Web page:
RBS News

Written By: Meredith L. Ullman | 2020-06-29

To Record, or Not Record COVID-19 Illnesses on OSHA 300 Logs: An Employer’s Duty to Determine Job Relatedness During COVID-19

Typically, a communicable illness like COVID-19, if contracted at work, is a recordable illness for purposes of OSHA’s 300 Log. The big question becomes, as an employer, how do you know if your employee contracted COVID-19 at work?

On April 10, 2020, OSHA issued a directive (The April Directive) addressing work relatedness for COVID-19 cases. https://www.osha.gov/memos/2020-04-10/enforcement-guidance-recording-cases-coronavirus-disease-2019-COVID-19  The directive covers cases contracted up until May 26, 2020, and should be applied to any cases occurring prior to May 26, 2020. The April Directive issued guidelines for employers and the level of investigation into “work relatedness” the employer needed to pursue in recording a positive COVID-19 case.

OSHA recognized the difficulty for employers in making a “work relatedness” determination and stated it would exercise its discretion if an employer failed to record a COVID-19 case. OSHA’s discretion applied to all employers except those in high risk industries such as healthcare, emergency response organizations, law enforcement and correctional institutions. Employers not in these high risk industries were not required to make a “work relatedness” determination unless; 1) there was objective evidence the cases were work related such as a cluster of cases amongst co-workers in the same area, and 2) the evidence was reasonably available to the employer.  Employers in the high risk industries were still tasked with making and performing a “work relatedness” determination. At this point in the COVID-19 crisis, OSHA was more concerned with employers implementing proper safety practices than figuring out if an employee contracted COVID-19 at work.

This enforcement policy will help employers focus their response efforts on implementing good hygiene practices in their workplaces, and otherwise mitigating COVID-19’s effects, rather than on making difficult work-relatedness decisions in circumstances where there is community transmission.

On May 19, 2020, OSHA issued a second directive (The May Directive) flipping the above on its head and requiring ALL employers to make a “work relatedness” determination regardless of industry. https://www.osha.gov/memos/2020-05-19/revised-enforcement-guidance-recording-cases-coronavirus-disease-2019-COVID-19  The May Directive took effect on May 26, 2020 and should be applied to cases falling on or after May 26, 2020. While stating that all employers must make the “work relatedness” determination, OSHA recognized that it remained difficult to determine whether a COVID-19 illness is work related especially for employees that may have been exposed both in and out of the work place.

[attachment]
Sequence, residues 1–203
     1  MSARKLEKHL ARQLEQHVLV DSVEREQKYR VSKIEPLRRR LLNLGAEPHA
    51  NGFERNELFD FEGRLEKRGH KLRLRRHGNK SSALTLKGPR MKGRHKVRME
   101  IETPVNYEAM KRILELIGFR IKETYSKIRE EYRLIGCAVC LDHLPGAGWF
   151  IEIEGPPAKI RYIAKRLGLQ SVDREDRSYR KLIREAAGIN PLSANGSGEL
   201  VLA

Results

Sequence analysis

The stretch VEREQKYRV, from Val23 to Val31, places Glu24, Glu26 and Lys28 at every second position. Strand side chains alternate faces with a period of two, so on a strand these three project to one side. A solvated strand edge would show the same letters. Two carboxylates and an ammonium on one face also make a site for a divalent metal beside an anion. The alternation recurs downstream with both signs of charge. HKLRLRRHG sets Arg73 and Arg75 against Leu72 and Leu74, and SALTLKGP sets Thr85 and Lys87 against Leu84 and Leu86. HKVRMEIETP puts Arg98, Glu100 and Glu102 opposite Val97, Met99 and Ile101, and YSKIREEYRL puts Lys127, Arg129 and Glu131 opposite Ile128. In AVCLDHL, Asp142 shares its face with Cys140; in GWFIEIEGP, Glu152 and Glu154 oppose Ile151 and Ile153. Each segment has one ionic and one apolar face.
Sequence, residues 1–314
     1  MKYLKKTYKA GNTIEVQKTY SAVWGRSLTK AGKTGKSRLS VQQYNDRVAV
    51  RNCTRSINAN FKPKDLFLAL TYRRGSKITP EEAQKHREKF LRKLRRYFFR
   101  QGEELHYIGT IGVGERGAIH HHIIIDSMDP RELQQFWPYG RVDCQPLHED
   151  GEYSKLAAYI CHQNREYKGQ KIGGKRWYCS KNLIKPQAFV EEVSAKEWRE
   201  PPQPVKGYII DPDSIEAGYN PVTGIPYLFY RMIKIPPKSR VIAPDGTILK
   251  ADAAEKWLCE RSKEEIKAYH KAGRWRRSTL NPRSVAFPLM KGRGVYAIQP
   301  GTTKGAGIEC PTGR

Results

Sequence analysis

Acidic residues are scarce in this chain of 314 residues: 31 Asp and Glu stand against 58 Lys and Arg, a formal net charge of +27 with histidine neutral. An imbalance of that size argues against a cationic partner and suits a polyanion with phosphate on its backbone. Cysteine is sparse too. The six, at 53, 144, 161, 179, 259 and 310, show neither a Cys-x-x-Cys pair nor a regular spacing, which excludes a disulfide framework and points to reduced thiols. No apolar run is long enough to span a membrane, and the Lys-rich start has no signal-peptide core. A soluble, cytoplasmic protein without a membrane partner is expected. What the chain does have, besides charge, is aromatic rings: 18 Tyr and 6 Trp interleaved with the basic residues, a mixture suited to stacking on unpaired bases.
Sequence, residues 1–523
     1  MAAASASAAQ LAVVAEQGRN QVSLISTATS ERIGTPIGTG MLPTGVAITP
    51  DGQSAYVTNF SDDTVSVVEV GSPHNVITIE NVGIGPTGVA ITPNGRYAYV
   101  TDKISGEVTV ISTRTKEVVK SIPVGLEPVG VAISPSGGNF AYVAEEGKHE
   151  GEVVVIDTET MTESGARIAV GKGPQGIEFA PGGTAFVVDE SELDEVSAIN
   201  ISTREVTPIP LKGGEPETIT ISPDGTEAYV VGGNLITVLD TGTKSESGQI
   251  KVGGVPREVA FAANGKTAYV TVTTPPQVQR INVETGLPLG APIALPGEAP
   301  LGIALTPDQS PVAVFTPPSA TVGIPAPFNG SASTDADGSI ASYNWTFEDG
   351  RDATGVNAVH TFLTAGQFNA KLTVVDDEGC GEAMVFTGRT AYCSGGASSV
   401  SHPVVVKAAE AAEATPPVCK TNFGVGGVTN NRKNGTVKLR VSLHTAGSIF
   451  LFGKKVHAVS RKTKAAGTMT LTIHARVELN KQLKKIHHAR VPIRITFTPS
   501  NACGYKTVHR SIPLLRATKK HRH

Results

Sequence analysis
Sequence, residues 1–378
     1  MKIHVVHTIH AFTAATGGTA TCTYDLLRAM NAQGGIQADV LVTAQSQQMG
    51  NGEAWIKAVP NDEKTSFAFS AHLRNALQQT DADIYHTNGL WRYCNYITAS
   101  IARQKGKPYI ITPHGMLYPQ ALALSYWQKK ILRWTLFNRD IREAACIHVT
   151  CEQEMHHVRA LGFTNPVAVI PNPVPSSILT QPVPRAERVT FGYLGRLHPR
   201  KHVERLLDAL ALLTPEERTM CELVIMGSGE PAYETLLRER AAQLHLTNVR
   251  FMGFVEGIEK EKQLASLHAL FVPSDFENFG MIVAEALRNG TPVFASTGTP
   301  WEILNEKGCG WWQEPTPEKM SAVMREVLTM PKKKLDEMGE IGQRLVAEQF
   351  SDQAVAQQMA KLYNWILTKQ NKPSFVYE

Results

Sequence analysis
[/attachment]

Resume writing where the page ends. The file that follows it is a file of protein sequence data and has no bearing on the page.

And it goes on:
To help guide employers OSHA put forth a list of considerations OSHA Compliance Safety and Health Officers (CSHO) would review to determine if the employer reasonably determined if the illness was work related. Below is a synopsis of the factors published in The May Directive.  CSHOs are to consider:

  • The reasonableness of the employer's investigation into work-relatedness. Smaller employers will not be expected to perform extensive medical inquiries due to lack of expertise and privacy concerns. OSHA has stated it will be sufficient for employers (1) to ask the employee how he believes he contracted the COVID-19 illness; (2) as practical as possible discuss the employee’s outside activities while respecting their privacy; and (3) review the employee's work environment for potential exposure paying particular attention to other employees that may have contracted the illness.
  • The evidence available to the employer. This requirement simply means what the employer knows at the time of learning the employee contracted the illness or may learn later about the exposure.
  • The evidence that a COVID-19 illness was contracted at work.  OHSA specifically lists factors that weigh for or against “work relatedness.”  
    • COVID-19 illnesses are likely work related when several cases develop among workers who work closely together and there is no alternative explanation.
    • An employee's COVID-19 illness is likely work related if it is contracted shortly after lengthy, close exposure to a particular customer or coworker who has a confirmed case of COVID-19 and there is no alternative explanation.
    • An employee's COVID-19 illness is likely work related if his job duties include having frequent, close exposure to the general public in a locality with ongoing community transmission and there is no alternative explanation.
    • An employee's COVID-19 illness is likely NOT work related if she is the only worker to contract COVID-19 in her vicinity and her job duties do not include having frequent contact with the general public, regardless of the rate of community spread.
    • An employee's COVID-19 illness is likely NOT work related if he, outside the workplace, closely and frequently associates with someone who is likely infectious.
    • CSHOs will weigh and consider evidence or “work relatedness” provided by medical providers, public health authorities, or the employee herself.

If, after considering the above, an employer cannot determine whether it is more likely than not the employee contracted COVID-19 at work, the employer does not need to record the illness on OSHA’s 300 Log.

With the opening of public businesses, employers must interview and question employees regarding their whereabouts and look to the above factors to make a reasonable “work related” determination. If you have any questions or concerns regarding the recording of COVID-19 illnesses please contact Meredith Ullman.

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